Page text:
Walking through a tiny path to the church modelled on the Templars church of Jerusalem I found a piece of calm behind the hub of central London. The river fleet ran along side this location. London began at a convenient width of river Thames, not so narrow boats cannot pass through and not so wide a bridge cannot be built to join North and South. This is a similar logic to the setting up of Rome on the river Tiber. The dome of St Paul’s however takes its inspiration from Florence. Modern art dotted around the city, the sculpture above by Anthony Gormley reminds that geology is constant. Our need to find a way to mark our passage through this tidal city is another constant. The early churches date back to the Saxons, in the 12th Century London had 126 to glorify God. However it is the Roman wall that even to this day defines London. With the port of Dowgate near the river where the wine was brewed, the mosaic floors found at Leadenhall and the traces of the central temple to the god of Light Mithras at Cornhill, the flow of light defines London. Captured by Turner, Canaletto and the iPhones of those walking along the embankment. All of human life is here. A true city.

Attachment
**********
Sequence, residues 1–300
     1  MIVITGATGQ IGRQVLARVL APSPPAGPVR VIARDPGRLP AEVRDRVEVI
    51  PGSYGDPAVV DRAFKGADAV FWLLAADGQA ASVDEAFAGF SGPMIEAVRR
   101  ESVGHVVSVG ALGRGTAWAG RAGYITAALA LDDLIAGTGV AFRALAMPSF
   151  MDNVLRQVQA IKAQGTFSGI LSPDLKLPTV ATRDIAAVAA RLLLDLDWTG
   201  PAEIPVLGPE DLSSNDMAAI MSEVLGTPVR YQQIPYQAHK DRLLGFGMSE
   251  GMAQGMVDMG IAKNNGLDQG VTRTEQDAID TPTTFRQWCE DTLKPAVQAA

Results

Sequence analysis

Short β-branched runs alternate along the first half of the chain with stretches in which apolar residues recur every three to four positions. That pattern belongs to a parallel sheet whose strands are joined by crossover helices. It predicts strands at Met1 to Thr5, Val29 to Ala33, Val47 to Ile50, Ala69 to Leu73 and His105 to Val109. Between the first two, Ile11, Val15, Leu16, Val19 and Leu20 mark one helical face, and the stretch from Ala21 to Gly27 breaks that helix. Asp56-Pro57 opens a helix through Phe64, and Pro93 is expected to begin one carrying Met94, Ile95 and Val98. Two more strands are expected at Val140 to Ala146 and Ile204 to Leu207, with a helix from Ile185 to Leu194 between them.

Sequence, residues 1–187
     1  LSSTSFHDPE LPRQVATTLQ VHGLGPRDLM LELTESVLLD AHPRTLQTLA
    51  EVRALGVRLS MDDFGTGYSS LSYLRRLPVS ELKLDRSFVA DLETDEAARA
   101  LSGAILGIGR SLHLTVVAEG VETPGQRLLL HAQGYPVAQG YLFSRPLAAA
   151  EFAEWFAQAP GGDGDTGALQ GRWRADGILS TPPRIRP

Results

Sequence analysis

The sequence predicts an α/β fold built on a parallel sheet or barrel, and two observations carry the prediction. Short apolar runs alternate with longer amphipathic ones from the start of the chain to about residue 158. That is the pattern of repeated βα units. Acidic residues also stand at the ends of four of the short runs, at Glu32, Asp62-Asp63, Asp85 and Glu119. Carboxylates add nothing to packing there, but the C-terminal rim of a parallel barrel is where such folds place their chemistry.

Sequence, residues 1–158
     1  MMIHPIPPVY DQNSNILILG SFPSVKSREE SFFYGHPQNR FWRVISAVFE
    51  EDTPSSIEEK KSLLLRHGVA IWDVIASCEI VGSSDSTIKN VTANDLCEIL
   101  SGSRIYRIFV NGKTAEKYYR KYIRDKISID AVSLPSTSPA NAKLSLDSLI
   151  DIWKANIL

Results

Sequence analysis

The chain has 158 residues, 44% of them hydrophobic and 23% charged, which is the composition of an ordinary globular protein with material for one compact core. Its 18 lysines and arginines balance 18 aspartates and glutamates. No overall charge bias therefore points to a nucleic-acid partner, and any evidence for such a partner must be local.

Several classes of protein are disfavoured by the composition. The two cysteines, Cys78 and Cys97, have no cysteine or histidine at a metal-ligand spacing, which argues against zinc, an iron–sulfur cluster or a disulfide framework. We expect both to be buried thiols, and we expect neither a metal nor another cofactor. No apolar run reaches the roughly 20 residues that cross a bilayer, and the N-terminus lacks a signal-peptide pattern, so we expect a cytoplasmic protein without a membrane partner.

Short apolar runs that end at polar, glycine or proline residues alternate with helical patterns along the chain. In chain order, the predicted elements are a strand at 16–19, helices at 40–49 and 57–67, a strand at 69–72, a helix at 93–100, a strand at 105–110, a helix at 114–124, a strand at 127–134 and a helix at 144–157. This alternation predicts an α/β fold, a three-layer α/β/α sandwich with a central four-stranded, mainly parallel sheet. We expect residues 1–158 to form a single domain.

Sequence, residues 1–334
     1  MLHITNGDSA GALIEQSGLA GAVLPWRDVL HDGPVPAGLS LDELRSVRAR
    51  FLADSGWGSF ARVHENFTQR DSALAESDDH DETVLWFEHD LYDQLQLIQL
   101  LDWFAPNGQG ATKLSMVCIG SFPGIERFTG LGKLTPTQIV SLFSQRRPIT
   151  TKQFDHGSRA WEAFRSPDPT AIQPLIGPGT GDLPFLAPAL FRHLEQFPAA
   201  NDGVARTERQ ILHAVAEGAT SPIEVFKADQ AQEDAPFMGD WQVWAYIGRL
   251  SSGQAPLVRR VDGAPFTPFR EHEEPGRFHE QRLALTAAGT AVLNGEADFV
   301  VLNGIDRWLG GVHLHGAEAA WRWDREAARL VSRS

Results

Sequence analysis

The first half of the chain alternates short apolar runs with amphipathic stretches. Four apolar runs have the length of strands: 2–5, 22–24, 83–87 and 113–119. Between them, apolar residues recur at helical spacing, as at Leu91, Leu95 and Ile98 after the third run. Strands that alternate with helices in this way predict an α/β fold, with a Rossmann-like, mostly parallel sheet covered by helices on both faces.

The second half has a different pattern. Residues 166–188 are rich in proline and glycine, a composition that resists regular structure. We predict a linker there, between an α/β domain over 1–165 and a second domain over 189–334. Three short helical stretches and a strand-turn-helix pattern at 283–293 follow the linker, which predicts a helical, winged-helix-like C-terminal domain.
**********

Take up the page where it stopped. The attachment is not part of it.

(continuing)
Recent London Poetry walk featured in Conde Nast Traveller